Starring: Mila Kunis, Kate McKinnon, Justin Theroux
Director: Susanna Fogel
Running Time: 117 mins
The Spy Who Dumped Me is an American film about a woman who, after discovering that her ex-boyfriend was a spy, finds herself caught up in the middle of an international crisis as she travels to Europe with her best friend to try and save what her ex failed to.
This isn’t the funniest movie ever made, nor is it the most riveting spy story ever told, but The Spy Who Dumped Me is still light-hearted and fluffy enough throughout to provide a simple, easy-going watch. With fun lead performnaces, some good jokes here and there, and a very entertaining final act, it’s a movie that’s never really boring or dull, and does the job when it comes to providing two hours of solid and simple entertainment.
There isn’t all that much to rave about with The Spy Who Dumped Me, but the important thing is that it’s an enjoyable and engaging watch right the way through. The opening act is a lot more comedic, as we come to know the two main characters and the ridiculous way in which they ended up being the target of all the world’s criminals, while the latter half of the film plays a lot more on the spy genre, and does a good job at keeping you engaged with its light but fun story.
So, there’s pretty much something for everyone here. Whether you want a good laugh, or want something a little more action-oriented, The Spy Who Dumped Me can satisfy you. Again, it’s not absolutely golden, and the existence of far better action comedies like Spy is always in the back of your mind throughout, but it’s still enough to give you a thoroughly enjoyable two hours.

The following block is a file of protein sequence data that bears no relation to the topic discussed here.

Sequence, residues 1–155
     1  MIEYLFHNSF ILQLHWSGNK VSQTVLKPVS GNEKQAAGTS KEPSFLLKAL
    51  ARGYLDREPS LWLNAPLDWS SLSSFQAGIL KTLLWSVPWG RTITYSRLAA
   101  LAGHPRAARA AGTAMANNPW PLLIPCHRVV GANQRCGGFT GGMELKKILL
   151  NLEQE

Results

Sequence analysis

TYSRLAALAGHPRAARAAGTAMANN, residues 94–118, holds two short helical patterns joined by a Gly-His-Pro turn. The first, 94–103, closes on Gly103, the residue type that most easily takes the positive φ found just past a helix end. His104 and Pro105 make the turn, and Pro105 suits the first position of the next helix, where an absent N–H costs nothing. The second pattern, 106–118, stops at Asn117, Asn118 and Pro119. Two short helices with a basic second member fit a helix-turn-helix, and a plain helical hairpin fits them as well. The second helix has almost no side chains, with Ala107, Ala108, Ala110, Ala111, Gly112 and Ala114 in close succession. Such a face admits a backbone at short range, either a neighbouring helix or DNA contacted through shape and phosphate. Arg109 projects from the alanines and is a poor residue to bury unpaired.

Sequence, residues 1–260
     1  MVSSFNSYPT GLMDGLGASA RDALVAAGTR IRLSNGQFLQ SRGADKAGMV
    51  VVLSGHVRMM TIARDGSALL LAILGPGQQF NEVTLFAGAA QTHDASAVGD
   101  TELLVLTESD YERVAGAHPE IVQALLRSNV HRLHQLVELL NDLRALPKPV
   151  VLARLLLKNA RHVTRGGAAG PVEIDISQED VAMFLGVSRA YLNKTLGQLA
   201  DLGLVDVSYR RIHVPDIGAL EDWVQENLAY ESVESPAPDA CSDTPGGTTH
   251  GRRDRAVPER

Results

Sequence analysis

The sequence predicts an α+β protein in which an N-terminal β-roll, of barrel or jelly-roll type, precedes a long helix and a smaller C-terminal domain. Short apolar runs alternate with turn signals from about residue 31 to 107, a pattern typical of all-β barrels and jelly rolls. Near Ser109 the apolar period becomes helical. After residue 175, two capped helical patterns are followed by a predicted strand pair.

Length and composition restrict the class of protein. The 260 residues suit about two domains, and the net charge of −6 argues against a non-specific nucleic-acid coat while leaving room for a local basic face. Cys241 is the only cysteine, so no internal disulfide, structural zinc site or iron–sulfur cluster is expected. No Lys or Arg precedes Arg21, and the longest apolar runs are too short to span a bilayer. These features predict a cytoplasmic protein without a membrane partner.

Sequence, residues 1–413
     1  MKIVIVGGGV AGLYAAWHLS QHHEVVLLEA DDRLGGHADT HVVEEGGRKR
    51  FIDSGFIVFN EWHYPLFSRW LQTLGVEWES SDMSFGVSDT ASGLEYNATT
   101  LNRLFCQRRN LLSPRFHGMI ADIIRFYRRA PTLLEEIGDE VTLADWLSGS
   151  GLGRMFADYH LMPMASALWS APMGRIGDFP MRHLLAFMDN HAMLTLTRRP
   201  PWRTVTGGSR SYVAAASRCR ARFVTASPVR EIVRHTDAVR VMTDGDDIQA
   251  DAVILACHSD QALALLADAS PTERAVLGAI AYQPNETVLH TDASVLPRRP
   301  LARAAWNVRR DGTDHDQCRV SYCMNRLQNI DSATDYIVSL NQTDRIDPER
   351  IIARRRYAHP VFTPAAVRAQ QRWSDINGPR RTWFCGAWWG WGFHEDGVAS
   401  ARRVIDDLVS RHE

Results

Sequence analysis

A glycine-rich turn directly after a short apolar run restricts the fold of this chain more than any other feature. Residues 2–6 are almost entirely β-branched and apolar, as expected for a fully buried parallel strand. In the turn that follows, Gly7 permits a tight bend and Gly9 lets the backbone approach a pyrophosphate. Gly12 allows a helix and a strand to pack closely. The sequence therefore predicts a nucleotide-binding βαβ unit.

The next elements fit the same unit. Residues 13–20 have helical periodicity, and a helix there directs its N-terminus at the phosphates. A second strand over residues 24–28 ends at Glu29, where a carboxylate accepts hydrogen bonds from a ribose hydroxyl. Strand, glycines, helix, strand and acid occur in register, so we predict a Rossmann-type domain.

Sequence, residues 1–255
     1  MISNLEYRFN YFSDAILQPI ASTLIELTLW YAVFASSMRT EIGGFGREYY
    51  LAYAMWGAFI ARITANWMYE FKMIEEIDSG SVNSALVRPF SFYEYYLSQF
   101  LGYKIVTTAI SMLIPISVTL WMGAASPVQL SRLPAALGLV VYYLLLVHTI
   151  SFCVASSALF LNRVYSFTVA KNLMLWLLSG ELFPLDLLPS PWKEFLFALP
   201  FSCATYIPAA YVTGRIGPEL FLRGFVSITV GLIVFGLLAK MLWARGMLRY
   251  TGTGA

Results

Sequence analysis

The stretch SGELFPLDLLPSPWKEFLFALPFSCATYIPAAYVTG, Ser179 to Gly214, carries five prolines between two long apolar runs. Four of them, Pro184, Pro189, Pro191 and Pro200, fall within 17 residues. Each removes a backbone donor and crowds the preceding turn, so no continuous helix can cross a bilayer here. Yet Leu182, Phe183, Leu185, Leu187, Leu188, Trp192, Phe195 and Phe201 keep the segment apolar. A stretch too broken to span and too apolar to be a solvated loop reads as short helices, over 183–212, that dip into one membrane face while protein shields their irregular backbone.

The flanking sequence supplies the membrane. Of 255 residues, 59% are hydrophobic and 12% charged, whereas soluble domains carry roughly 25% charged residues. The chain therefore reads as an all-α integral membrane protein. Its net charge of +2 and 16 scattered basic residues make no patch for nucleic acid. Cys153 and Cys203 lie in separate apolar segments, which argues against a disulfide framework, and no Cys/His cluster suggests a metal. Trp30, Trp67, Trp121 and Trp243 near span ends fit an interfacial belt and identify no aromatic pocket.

The lead performances are pretty fun throughout, with Mila Kunis an enjoyable central presence, and Kate McKinnon putting in a lot of effort as the comic relief, playing the silly best friend who ends up involved in all the mess as well. Of the two, Kunis is a little more entertaining, simply because McKinnon, no matter how much the movie tries to deny it, is a little much, and her overtly manic persona is a cause for quite a bit of annoyance throughout, although she does provide some of the film’s better laughs too.
On the downside, I have to say that director Susanna Fogel, while managing to make an excellently silly and light-hearted comedy, doesn’t really pull off the action-spy side of things quite as convincingly. The first act, above all, sees the comedy and the action clash rather strongly, as while we’re watching some very fluffy humour play out, there’s a lot of rather hard and even gory action that comes out of absolutely nowhere.
If you remember The Hitman’s Bodyguard with Samuel L. Jackson and Ryan Reynolds, that was another example of this problem, where the fun, throwaway nature of a comedy is somewhat dampened by a brand of action and violence that’s a lot more heavy-going than should be the case.
Fortunately, the film irons that out as it goes along, and the final act is a lot more farcical on both the action and comedy fronts, with a lot more focus brought to parodying the spy genre, and getting our two leading ladies into as many ridiculous situations as possible.
Overall, I had fun with The Spy Who Dumped Me. It’s not an amazing film by any means, and it doesn’t quite pull off the spy-comedy genre as well as many others, however it’s light-hearted and fluffy enough to prove fully enjoyable and engaging right the way through, which is why I’m giving it a 7.2.